Guardian writer Sadhbh Walshe takes issue in her recent article, “Should we care that smart women aren’t having kids?,”with research conducted by psychologist Satoshi Kanazawa, whose “ultimate conclusion” in his book The Intelligence Paradox, she says, is that
intelligent women’s failure to reproduce is bad for them because they are flying in the face of their biological destiny and it’s also bad for society because fewer intelligent moms means fewer intelligent kids and that may have drastic implications for the nationwide IQ.
While being prepped recently for a local TV segment on being childfree (coming up on the 17th), I was pummeled with a stream of objections people have to childfree
people women, one of which was given in the form of a question:
“Don’t you think you [women] could contribute a positive influence to the world in the form of a child?”
First, I obviously don’t agree that it’s everyone’s biological destiny to reproduce (if it were, wouldn’t we all do it?), nor do I believe measurable intelligence to be the only value that can advance a civilization. (Being civilized is a biggie.)
But also, and this is so obvious and has been said and said and said by many, many people, it’s a waste of existing potential to insist that all contributions women make be similar, and in the form of offspring.
What if instead of pressuring women – or to address the good doctor’s concerns, specifically high-IQ or educated women – to procreate we instead make more of an effort to help educate all women of their options? By communicating to them, for instance, that children aren’t a foregone conclusion but just one of several choices. Just in case there’s something else they’d like to do with their lives.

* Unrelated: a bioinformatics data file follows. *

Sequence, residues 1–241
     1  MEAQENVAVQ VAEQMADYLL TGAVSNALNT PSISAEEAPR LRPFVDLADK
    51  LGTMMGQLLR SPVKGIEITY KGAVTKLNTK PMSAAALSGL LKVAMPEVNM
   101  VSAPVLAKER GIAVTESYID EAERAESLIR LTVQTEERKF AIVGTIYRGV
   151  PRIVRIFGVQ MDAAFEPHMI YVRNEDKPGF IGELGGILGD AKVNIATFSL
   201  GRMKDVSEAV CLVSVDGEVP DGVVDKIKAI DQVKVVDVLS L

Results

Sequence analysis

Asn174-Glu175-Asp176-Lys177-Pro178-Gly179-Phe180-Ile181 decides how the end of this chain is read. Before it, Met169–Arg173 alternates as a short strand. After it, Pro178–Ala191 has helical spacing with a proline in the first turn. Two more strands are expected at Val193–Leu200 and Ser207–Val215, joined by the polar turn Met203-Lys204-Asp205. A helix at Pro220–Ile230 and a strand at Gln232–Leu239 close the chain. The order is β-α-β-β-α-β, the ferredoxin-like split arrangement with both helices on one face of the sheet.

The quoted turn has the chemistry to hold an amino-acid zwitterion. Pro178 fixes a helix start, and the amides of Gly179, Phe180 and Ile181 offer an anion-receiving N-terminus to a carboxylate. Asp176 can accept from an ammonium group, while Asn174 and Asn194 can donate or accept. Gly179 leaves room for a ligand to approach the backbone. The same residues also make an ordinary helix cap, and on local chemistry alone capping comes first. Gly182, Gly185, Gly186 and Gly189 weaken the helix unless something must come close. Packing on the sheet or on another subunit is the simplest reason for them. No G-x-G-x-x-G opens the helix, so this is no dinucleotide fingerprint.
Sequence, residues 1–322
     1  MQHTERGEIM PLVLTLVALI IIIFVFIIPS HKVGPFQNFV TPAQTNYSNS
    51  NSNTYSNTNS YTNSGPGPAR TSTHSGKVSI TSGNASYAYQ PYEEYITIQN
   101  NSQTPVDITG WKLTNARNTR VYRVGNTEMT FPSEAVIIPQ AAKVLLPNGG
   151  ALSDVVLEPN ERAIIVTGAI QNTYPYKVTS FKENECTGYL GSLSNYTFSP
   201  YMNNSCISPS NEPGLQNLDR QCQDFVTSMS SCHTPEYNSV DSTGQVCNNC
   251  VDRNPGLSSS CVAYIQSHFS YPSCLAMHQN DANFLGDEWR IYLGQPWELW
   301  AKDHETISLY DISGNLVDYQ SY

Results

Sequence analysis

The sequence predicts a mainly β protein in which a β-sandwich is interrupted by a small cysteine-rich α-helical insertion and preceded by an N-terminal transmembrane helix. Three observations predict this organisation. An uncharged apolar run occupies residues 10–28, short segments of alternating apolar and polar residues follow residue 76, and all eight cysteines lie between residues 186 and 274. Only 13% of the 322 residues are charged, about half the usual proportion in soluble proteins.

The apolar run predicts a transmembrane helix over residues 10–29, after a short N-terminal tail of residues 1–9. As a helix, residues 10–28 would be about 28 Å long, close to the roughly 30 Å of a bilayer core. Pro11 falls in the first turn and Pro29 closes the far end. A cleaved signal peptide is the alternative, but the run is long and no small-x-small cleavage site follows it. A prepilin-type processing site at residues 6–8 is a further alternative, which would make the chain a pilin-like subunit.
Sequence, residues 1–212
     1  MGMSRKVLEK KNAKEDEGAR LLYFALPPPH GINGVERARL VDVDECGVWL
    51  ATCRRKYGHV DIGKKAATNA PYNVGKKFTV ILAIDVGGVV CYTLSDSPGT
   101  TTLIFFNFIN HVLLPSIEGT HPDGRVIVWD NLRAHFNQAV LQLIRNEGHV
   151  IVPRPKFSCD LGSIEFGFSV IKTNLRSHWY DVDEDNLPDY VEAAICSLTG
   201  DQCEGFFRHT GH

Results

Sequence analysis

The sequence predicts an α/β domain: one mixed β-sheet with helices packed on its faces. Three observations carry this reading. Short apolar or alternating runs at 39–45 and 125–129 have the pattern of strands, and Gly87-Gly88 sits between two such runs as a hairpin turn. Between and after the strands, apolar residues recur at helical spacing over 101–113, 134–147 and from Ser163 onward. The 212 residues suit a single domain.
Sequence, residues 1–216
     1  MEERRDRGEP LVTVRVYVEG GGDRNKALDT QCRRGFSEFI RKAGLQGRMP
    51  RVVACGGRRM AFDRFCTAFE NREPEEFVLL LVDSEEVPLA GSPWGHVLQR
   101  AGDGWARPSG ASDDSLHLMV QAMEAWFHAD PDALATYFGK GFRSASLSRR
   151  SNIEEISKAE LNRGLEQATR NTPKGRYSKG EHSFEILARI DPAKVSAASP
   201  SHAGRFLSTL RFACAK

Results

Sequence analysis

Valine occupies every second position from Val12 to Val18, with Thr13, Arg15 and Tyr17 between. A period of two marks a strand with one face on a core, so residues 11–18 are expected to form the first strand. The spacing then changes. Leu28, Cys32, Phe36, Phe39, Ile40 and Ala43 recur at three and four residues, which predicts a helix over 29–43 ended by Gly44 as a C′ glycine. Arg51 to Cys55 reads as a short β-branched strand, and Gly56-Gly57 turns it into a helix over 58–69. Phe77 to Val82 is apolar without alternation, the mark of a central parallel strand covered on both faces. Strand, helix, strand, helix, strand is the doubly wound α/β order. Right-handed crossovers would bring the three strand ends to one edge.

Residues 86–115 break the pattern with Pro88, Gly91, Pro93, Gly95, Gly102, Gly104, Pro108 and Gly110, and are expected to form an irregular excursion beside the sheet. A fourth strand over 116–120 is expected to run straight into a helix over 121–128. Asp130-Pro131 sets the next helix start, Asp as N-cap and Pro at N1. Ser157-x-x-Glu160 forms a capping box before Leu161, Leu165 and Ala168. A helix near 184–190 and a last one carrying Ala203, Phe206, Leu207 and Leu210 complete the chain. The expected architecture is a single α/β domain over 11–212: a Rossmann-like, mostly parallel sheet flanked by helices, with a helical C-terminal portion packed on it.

If some of them choose to use the money and/or energy they otherwise would have spent on children on a different interest that would enrich them as much as children enrich others, they might become the people others have children to create.
Rush Limbaugh said this about women not having kids, which had me nodding because, yes (except for the “sock in the face to men,” because contrary to what obscenely conceited people like Limbaugh think, not everything we do is a reaction to, desire for the attention of, or war against men):
Yeah, it’s a good thing that women aren’t having kids! It’s a liberating thing that women aren’t having. Damn straight it is, and it’s just other sock in the face to men. You know, you’ve had it your way ever since Adam and Eve. Well, it’s our turn now! We’re not gonna bear your kids, and we’re not gonna stay home and raise ’em and we’re not just gonna sit here at home while you get to go do whatever you do.
Somehow, I think he said that with a sneer.